Situated high atop the mountains on an isolated plateau, Denhearth has suffered long from the vile predations of the powerful red dragon nick-named Cinderblaze - until the vile creature was slain by the benevolent gold dragon Galiantana - under her auspices, the village prospered and even saw the creation of a fabled academy, established to guide those that have the sorceror's gifts towards a wholesome and controlled application of their draconic gifts.


But, alas, all golden ages (Get it? ... -.-...sorry, will put a buck in the bad pun jar later) must end eventually and noble Galiantana has not been seen in quite a while. Some rumor her to be dead, while others only fear her to be missing; in any case, Denhearth, with its academy, seems rife for the picking by the forces of darkness once again. Now, as always, the village comes with copious information on both local color (like nomenclature, clothing habits and the like), lore to be unearthed via the respective skills, rumors and events as well as magic for sale; and yes, the rumors, questioning e.g. the parentage of dragon-blooded locals and similar interesting hooks provide a neat and uncommon, yet sensible angle to the village's plot-options - which include btw. options to develop Galiantana's absence in various ways.


Unlike most recent installments of the series, this time around we get two damn cool sample statblocks, the first of which would be a CR 8 sorceror/dragon disciple, while the second would be a half-dragon chupacabra - yes, you read right. Oh, and the fellow is one of the anti-theft security measure of the local shop, which deserves its name "The Hoard."


Conclusion:


Editing and formatting are top-notch, I didn't notice any glitches. Layout adheres to RSP's smooth, printer-friendly two-column standard and the pdf comes with full bookmarks as well as a gorgeous map, of which you can, as always, download high-res jpegs if you join RSP's patreon. The pdf comes in two versions, with one being optimized for screen-use and one to be printed out.


Jacob W. Michaels' Denhearth is a thoroughly compelling settlement - with a unique angle, capable NPCs and a surprising emphasis on kind characters as a beacon of light, the place not only will be useful for the PCs, it'll be a place they WANT to keep safe - which ties in perfectly with the numerous options and narrative directions a GM can take the village. Considering all of that, the uncommon locale and cool premise, we have a prime candidate for a final verdict of 5 stars + seal of approval.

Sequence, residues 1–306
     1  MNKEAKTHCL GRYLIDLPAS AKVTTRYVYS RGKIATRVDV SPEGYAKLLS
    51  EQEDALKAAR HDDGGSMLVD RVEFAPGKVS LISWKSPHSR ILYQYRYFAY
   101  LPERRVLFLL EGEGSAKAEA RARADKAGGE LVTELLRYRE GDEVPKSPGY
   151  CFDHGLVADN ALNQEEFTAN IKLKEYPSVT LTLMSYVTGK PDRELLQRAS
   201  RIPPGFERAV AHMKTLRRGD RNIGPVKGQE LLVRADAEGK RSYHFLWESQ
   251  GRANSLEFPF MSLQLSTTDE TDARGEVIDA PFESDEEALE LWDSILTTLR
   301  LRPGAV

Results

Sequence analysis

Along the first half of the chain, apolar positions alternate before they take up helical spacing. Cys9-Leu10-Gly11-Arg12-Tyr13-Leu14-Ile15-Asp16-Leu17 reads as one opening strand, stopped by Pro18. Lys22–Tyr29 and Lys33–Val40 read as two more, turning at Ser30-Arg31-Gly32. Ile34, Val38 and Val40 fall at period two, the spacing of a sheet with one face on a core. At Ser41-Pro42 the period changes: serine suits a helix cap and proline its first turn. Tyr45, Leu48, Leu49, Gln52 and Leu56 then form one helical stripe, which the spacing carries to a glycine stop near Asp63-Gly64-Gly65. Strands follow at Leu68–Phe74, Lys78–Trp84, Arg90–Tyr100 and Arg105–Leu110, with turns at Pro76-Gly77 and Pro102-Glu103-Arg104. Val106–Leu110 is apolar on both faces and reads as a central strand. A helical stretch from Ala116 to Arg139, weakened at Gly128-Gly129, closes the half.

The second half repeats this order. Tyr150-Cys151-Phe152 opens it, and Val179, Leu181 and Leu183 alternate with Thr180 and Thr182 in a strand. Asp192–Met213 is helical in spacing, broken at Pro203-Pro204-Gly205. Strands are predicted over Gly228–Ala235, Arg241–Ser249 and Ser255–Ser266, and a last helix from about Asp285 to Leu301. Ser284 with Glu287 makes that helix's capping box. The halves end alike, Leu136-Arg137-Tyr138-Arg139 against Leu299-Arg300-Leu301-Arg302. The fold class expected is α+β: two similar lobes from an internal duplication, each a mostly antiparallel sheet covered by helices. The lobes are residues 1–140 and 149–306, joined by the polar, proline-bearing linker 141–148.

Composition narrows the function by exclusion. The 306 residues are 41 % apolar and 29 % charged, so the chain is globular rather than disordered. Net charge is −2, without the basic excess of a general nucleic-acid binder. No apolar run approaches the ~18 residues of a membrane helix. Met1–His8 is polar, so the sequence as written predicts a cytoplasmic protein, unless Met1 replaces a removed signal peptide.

Endzeitgeist out.



Rating:
[5 of 5 Stars!]
Village Backdrop: Denhearth
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Shadowlands: Tarina, Spiral of Sin
Publisher: BlackStar Studios
by Thilo G. [Featured Reviewer]
Date Added: 03/01/2016 04:41:18

An Endzeitgeist.com review


This massive city-sourcebook clocks in at 70 pages, 1 page front cover, 1 page inside of front cover, 1 page SRD, 1 page editorial, 1/2 page ToC, 1 page advertisement, 1 page inside of back cover, 1 page back cover, leaving us with 62.5 pages of content, so let's return to the world of Sæmyyr!


Wait, what? Well, it's arguably been a while and this book has slipped somewhat between the cracks of my reviewing folder, but let's recapitulate, all right? Beyond being the setting of the Gates of Tarina-adventure, the eponymous city is an important jigsaw piece in the panorama of the Shadowlands, also known as Sæmyyr.


The world of Sæmyyr's ambition is rather significant, to say the least: The basic idea lies in a fantasy-realism: Magic is based on nigh-unknowable level of technology (though players will probably never find that out) and Gygaxian realism is another key tenet for the setting. Basically, shadowlands takes the old adage of advanced technology being indistinguishable from magic (look at your smart-phone and doubt that one's veracity...) and applies it consistently to a huge planet. The result is surprisingly interesting, for the basic premise, consequently, results in magic behaving slightly differently, being treated differently - since the set-up implies a certain level of consistency you'd only see in hard scifi, the result feels surprisingly organic...feasible. This is coupled with a take on fantasy usually not seen elsewhere: Namely, that of a quasi-Roman empire that is, in fact, more developed than traditional Middle Age-based fantasy. Coupled with aforementioned take on magic and have a setting that feels not only novel, but also consistent. And yes, this is enhanced by the massive map of the city: Tarina's map looks like a satellite map taken straight from Google Sæmyyr.


But enough, you want to know what's in this book, right? Well, we begin our trip to Tarina with several pages depicting an immersive, well-written short-story that portrays life in this metropolis before taking a glimpse at relationship demographics, including racial subtypes and sub-species - instead of bogging the game down with alternate stats for each of the classic races, these entries are based mostly on the captivating and well-presented fluff, with respective entries featuring information on nomenclature, personality and the like. Now usually, this can end up being pretty bland, though not in this book - the write-up is captivating and diverse and actually, and this will be true for the whole book, a pleasure to read.